Integrity is a basic value

17 Feb 2019 / 19:55 H.

WHEN I was studying for my LLB (Hons), a friend got 59 out of 60 for Constitutional Law. This made his grade a second lower class, and he just needed one more mark to make it a second upper. So he bravely girded his loins and went to speak to the subject’s lecturer, who also happened to be the Dean of Law, to wrangle that one mark.

I waited outside watching the heated debate. About 15 minutes later, my friend emerged from the room with the lecturer, who shook her head and said to him, “I’m sorry but your paper is a good second lower piece of work, but it doesn’t have the quality of second upper class paper.”

Thoroughly dissatisfied, he spent the next hour ranting about the injustice of it all. But from that experience, we had a greater learning of integrity.

In this day and age, however, integrity and education seem to be far removed. My friends, who work in private education, say that students demand a mark higher so that their grade point shifts, parents claim that they are the consumer and therefore they have the right to demand a higher grade for their children. This shift in thought is very disturbing.

It has spiralled into a society where political leaders claim to have an educational background they don’t, and industrial leaders with honorifics they may have purchased.

People claim that money counts for everything, but if that is the case, why bother buying certificates or honorifics? Just say that you have bucketloads of money, but be a plain “Mr” or “Encik” with an SPM. Enough, right?

People work hard to get good grades. They just don’t fall down from heaven. People also work hard to get good enough grades to get into Oxbridge or an Ivy League university. When someone says they belong to a certain alumni, or have a certain grade, they usually say it with pride because they slogged for it.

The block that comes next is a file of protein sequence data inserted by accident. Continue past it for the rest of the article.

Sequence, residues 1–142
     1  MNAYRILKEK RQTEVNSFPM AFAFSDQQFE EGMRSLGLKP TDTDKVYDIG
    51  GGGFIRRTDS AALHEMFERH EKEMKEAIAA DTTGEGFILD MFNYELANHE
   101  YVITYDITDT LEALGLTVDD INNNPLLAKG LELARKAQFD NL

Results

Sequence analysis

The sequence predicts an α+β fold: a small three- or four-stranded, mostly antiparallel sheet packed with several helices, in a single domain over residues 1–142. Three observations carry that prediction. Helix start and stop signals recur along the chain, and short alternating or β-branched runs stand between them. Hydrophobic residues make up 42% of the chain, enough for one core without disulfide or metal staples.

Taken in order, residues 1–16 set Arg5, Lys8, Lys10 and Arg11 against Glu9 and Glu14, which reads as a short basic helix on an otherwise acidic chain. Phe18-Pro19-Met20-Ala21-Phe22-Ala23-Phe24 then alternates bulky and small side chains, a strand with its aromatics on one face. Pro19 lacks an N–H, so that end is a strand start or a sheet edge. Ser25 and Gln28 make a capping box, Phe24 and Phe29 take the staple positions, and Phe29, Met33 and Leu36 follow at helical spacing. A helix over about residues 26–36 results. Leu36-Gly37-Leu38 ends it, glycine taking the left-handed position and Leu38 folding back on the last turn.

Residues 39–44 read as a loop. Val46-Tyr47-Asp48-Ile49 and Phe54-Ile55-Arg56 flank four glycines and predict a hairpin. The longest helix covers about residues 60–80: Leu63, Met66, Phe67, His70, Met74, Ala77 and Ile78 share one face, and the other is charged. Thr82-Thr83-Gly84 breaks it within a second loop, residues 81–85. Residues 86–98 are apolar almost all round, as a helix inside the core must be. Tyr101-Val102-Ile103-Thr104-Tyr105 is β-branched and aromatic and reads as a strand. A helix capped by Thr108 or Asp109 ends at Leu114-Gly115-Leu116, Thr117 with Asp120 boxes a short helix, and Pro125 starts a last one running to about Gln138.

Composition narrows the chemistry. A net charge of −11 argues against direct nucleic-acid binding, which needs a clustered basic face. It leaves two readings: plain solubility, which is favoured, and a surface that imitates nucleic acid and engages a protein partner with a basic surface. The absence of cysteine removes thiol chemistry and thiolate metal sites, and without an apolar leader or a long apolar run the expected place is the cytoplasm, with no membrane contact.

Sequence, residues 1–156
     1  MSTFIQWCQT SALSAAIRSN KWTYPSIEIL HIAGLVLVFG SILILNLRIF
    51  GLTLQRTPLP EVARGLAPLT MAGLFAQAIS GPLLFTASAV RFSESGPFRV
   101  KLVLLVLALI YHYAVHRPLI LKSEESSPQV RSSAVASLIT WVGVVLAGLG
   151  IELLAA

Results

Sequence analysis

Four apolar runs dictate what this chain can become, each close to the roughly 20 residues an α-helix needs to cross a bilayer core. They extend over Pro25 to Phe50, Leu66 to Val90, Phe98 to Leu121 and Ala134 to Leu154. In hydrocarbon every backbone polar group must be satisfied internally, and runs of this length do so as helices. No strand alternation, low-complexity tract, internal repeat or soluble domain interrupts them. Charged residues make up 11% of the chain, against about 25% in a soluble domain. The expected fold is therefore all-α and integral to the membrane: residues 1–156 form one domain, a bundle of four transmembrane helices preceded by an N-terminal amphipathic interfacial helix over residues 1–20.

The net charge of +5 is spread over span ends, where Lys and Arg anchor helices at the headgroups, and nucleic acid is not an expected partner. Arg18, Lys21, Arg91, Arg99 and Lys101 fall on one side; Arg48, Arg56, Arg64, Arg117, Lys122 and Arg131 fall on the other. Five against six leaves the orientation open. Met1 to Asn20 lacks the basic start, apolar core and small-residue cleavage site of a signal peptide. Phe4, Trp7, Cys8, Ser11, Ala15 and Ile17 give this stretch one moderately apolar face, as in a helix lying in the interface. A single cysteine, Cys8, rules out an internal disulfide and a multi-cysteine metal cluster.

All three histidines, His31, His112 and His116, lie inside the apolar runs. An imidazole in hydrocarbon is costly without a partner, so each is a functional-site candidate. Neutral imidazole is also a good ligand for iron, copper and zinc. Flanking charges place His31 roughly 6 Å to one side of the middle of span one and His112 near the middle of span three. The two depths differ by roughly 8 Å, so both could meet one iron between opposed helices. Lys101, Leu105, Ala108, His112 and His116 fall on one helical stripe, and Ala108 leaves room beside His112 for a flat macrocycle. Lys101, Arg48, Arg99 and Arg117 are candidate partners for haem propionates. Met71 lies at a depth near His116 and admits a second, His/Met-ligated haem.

When I assert that I have a certain qualification or went to a certain university, I am saying that I have a certain level of education. And according to Prof Bishop of California State University San Marcos, “A quality education requires a commitment to an ever deeper understanding of self and of one’s place in the social and natural world; and when successful, it leads to a critical examination of the assumptions that guide one’s life.”

Surely misrepresenting one’s academic background is the opposite of all of the above?

When I say I have such and such a grade, or belong to such and such an alumni, I am representing myself to be of a certain calibre, especially in the context of entering office or getting hired for a job.

Let’s face it, if I were to say I had a first class from LSE during a hypothetical application for a job, and later on, it is discovered that I misrepresented such an assertion, I would definitely get fired. It wouldn’t matter that I didn’t kill anyone, or embezzle funds, or performed fantastically during my tenure.

This is because the foundation of my performance in that job is based on a misrepresentation. How can my employers trust me again after that? It’s not a “witch hunt”, it’s “integrity”.

It is funny that we have to even discuss this. Integrity, not cheating, telling the truth, these are basic values that parents should have taught their offspring at a very early stage. This makes me wonder about what’s really wrong with our society.

Back to my friend, both he and I don’t use our LLBs at all. But we both ended up with second upper class degrees, and I can tell you, we worked really hard for it, and it is valid. The public is welcome to do due diligence on it.

Daniel is into health, fitness and yoga. Comments:


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